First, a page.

Network Computing is part of the Informa Tech Division of Informa PLC

This site is operated by a business or businesses owned by Informa PLC and all copyright resides with them. Informa PLC's registered office is 5 Howick Place, London SW1P 1WG. Registered in England and Wales. Number 8860726.

Coming In Through The Backdoor

Something about the mere mention of a Trojan virus is chill inducing. Of course, the idea of malicious code surreptitiously stealing onto the network and wreaking havoc with precious data should cause alarm. And unfortunately it looks like rather than easing, the threat from Backdoor Trojans is actually becoming an increasingly virulent one in Windows environments.This week TechWeb's Gregg Keizer examines Backdoor Trojans and bots, a subset of Trojan viruses, what Microsoft's anti-malware team calls the greatest threats to Windows environments. Microsoft users are, of course, not without a defense against this particularly sneaky malicious code. Microsoft introduced its Microsoft Software Removal Tool (MSRT) in January 2005 which finds and deletes Trojans including bots from Windows machines.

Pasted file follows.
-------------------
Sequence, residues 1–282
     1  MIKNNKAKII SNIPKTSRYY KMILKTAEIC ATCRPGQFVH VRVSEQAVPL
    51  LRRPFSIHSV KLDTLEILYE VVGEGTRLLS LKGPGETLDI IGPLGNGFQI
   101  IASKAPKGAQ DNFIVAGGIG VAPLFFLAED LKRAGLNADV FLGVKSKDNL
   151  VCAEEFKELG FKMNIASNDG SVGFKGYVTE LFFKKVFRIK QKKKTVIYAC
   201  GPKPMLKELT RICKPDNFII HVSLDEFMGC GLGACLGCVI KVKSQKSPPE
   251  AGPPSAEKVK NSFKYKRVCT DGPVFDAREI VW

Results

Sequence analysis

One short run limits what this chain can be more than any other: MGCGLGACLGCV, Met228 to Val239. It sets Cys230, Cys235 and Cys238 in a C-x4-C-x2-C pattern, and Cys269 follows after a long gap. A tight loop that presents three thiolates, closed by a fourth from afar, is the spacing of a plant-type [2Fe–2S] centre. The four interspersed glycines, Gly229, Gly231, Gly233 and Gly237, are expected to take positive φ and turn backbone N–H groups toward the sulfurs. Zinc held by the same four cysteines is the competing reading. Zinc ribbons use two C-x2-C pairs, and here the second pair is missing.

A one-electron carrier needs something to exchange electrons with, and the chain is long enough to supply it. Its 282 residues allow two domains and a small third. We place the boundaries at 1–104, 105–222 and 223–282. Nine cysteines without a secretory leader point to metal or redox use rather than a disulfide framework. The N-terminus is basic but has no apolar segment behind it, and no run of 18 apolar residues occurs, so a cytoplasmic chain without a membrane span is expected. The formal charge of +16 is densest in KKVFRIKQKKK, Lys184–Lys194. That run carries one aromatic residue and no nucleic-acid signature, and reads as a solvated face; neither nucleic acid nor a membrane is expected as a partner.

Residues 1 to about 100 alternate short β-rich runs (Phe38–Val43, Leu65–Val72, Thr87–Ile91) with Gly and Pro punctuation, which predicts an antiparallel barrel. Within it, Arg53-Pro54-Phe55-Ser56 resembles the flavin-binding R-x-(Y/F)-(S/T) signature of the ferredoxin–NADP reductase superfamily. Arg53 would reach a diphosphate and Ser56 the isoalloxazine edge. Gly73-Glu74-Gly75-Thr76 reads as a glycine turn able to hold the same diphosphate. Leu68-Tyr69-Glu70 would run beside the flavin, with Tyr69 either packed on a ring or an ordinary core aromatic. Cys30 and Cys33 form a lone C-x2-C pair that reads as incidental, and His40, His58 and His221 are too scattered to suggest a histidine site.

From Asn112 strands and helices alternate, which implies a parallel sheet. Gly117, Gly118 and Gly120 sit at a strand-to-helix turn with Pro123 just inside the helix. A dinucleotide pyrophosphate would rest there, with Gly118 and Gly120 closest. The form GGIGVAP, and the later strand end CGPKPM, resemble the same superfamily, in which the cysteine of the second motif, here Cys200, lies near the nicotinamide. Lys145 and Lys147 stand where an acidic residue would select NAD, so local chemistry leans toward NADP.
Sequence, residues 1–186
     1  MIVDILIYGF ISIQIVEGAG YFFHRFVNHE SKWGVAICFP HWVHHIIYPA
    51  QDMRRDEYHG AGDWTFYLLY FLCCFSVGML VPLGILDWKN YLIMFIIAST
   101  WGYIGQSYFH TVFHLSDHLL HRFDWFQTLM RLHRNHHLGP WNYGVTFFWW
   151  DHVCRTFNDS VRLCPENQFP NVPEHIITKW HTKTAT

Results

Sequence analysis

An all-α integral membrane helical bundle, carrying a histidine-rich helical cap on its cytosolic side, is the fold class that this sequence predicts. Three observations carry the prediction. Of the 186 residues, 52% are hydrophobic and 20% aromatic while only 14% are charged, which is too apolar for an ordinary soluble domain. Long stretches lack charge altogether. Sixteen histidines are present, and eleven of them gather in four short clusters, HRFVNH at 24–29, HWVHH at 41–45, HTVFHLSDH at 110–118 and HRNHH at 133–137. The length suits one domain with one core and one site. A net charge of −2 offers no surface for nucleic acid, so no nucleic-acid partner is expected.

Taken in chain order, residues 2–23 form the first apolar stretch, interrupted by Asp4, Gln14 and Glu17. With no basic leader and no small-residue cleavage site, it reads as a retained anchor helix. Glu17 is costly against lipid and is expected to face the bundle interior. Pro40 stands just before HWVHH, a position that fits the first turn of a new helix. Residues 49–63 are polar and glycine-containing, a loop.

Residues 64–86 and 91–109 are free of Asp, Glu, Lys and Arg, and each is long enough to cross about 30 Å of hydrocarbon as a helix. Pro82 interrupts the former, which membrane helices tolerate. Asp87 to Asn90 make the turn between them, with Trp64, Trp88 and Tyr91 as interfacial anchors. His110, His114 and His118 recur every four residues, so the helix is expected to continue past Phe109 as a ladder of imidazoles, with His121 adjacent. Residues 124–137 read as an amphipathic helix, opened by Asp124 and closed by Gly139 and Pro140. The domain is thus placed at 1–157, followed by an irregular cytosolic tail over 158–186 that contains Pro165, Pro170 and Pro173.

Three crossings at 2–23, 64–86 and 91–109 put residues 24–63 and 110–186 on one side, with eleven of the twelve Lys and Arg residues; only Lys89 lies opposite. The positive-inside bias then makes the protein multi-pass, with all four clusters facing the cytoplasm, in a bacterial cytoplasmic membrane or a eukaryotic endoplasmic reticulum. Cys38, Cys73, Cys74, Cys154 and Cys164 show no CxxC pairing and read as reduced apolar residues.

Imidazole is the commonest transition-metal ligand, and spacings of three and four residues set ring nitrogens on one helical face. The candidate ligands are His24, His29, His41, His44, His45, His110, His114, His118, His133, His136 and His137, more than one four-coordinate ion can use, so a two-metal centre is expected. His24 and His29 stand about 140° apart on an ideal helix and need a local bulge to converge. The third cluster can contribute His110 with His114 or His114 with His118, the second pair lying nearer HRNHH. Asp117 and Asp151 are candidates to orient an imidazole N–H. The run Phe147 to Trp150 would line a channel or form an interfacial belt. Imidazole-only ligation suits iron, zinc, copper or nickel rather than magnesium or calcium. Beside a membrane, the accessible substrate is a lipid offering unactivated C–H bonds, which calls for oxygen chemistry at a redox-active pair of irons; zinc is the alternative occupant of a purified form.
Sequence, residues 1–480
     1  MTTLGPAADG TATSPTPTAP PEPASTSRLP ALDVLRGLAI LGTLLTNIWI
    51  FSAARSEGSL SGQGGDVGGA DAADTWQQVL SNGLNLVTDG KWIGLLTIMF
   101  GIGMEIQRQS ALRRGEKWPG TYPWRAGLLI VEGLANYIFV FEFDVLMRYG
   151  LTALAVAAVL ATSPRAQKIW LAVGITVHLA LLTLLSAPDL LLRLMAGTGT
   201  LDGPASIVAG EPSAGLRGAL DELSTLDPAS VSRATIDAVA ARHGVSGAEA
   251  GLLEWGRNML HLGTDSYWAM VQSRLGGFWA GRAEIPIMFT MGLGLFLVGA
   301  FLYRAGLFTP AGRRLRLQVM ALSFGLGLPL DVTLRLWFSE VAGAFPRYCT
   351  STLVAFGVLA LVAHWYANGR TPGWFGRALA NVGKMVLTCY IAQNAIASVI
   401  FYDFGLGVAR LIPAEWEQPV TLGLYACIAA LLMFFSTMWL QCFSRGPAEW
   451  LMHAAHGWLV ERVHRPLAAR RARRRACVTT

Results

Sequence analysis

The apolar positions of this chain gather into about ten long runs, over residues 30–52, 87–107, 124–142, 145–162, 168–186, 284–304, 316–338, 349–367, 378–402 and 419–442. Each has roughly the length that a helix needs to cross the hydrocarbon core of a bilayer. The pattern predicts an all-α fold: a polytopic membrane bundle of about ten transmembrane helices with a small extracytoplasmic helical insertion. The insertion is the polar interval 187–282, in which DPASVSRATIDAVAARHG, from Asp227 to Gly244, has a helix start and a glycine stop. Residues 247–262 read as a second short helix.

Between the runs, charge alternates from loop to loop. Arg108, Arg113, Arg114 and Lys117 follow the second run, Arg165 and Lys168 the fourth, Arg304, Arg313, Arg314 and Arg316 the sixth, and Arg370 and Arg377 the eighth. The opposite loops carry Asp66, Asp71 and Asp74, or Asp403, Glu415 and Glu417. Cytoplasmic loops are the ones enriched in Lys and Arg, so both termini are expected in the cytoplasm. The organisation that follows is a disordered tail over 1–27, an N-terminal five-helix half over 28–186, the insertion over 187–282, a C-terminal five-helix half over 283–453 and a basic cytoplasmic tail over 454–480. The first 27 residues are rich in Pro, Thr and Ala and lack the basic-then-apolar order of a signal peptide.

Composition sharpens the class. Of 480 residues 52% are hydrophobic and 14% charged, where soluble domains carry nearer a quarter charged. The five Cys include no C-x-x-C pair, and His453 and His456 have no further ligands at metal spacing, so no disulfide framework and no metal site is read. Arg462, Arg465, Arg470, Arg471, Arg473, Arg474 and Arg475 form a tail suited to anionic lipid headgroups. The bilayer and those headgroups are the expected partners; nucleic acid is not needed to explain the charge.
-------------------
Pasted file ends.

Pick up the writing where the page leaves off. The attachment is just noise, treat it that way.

The tool, which is automatically downloaded onto computers with the Windows Update turned on, is running on 270 million unique systems. A nice benefit of the tool is Microsoft is able to assess which types of threats are the greatest in number. Unfortunately, the tool runs mostly on XP so many older machines are missing in this accounting.

Microsoft's concerns about the prevalance of the Trojan threat jibe with the concerns of a security researcher about the severity of bots in particular. In a conversation with the researcher a few months ago, he told me bots have the power to do incredible damage to corporate systems, and already have. Designed to steal data from end user machines without their knowledge, bots may be responsible for more damage than we are know.